Colombia is home to more than 700 frog species – boasting one of the greatest varieties in the world. But, that abundance has attracted animal traffickers.
The rare species are being poached to sell to high-paying collectors.
CGTN’s Michelle Begue reports on one man’s mission to save the endangered creatures.
Ivan Lozano fights poachers and smugglers without a gun. He is beating them at their own game in the market. By breeding rare frogs legally at the same price or even lower than those illegally taken by smugglers out of the jungle.
“In the case of amphibians, the most trafficked group are venomous frogs, and Colombia is a world leader as it has the largest number of species. And because these frogs are so striking they are constantly trafficked,” Tesoros de Colombia founder Ivan Lozano said.
This sustainable farm located in Colombia is called Tesoros de Colombia or Treasures of Colombia in English. The project gives rare frog collectors from around the world a more eco-friendly alternative to purchase these little critters.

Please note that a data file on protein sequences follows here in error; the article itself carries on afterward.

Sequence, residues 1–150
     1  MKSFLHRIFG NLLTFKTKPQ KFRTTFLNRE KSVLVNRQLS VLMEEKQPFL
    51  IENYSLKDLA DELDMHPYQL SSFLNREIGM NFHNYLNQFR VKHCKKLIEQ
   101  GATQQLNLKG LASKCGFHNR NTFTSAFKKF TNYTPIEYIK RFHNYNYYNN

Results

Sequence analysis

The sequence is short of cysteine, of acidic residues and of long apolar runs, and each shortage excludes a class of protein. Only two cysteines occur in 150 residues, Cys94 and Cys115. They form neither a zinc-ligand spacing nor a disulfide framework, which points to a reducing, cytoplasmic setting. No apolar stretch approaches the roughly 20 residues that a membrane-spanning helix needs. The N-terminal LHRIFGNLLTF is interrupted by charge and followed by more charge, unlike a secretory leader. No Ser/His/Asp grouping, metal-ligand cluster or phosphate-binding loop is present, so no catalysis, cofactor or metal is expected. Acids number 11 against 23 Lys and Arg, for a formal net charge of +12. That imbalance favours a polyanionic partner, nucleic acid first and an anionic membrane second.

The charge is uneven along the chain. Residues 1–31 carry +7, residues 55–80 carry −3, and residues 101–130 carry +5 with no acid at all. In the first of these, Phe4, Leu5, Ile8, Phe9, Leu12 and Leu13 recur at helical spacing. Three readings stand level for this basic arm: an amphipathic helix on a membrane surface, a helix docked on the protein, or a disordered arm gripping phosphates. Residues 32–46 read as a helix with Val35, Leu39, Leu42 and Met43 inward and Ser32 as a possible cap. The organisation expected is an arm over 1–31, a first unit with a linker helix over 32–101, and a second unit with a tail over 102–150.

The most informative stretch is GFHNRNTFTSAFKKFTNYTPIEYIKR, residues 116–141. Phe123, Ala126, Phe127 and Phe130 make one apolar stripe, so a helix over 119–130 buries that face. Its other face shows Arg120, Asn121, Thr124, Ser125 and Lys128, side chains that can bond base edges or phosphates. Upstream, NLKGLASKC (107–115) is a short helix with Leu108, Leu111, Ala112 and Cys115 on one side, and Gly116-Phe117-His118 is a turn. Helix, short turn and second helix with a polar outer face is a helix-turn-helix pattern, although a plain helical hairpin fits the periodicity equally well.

And it seems to have worked. This much-sought species, known popularly as the Golden Dart Frog was priced at $150 a few years ago to just $30 currently.
“We tried to bring down the costs slowly like for our yellow venomous frog, the Phyllobates Terribilis. We have been able to get the price down to a point where it is not attractive to come to the jungle and capture it because it is more costly than to purchase them from Treasures of Colombia,” Lozano said.
The job isn’t easy and it is costly. The research involved to breed these animals in captivity can take years. In fact, he says it took him two decades to breed his first red-banded poison frog.
Lozano has accumulated thousands of dollars of debt to keep the breeding center afloat and secure export permits from the Colombian government.
“We are working towards a greater goal than money and that is the conservation of a species. In the end… we have helped save a species from extinction, and that cannot be compared with all the money in the world, that is much more valuable,” Lozano said.
Treasures of Colombia has licenses to breed seven rare Colombian frogs. He is working with the Colombian government to get permits for another 13 that are being hunted by traffickers. According to a Colombian environmental research group, the Humboldt Institute, 160 amphibian species are critically endangered in the country.